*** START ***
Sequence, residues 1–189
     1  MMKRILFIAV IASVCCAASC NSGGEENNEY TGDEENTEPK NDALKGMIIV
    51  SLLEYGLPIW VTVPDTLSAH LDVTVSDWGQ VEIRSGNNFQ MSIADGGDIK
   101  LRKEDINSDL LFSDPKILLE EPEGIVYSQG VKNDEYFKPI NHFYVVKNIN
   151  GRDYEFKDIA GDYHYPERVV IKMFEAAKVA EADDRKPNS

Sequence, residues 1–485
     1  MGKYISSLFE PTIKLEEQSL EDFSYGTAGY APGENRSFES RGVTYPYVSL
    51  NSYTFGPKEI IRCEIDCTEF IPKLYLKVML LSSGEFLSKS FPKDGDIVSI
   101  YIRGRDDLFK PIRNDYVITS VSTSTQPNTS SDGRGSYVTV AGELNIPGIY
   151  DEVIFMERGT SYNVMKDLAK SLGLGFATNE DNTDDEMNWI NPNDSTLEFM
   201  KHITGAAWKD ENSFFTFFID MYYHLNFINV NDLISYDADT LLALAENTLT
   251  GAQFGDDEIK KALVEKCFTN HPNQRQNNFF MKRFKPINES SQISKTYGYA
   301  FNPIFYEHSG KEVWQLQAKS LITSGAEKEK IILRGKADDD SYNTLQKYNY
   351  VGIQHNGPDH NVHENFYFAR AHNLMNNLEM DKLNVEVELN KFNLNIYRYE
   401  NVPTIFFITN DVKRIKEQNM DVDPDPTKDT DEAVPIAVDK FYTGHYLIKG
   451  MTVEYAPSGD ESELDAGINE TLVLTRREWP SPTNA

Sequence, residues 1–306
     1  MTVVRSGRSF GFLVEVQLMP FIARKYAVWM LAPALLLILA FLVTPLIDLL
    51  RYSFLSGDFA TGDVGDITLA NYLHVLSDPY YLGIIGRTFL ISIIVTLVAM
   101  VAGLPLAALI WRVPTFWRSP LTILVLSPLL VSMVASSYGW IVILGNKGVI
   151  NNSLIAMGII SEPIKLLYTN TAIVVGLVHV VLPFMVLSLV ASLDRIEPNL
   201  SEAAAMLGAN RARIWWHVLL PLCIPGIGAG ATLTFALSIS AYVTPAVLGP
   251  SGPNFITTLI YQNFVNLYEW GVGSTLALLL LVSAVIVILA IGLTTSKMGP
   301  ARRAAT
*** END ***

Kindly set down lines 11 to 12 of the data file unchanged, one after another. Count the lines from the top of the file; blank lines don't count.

   201  KHITGAAWKD ENSFFTFFID MYYHLNFINV NDLISYDADT LLALAENTLT
   251  GAQFGDDEIK KALVEKCFTN HPNQRQNNFF MKRFKPINES SQISKTYGYA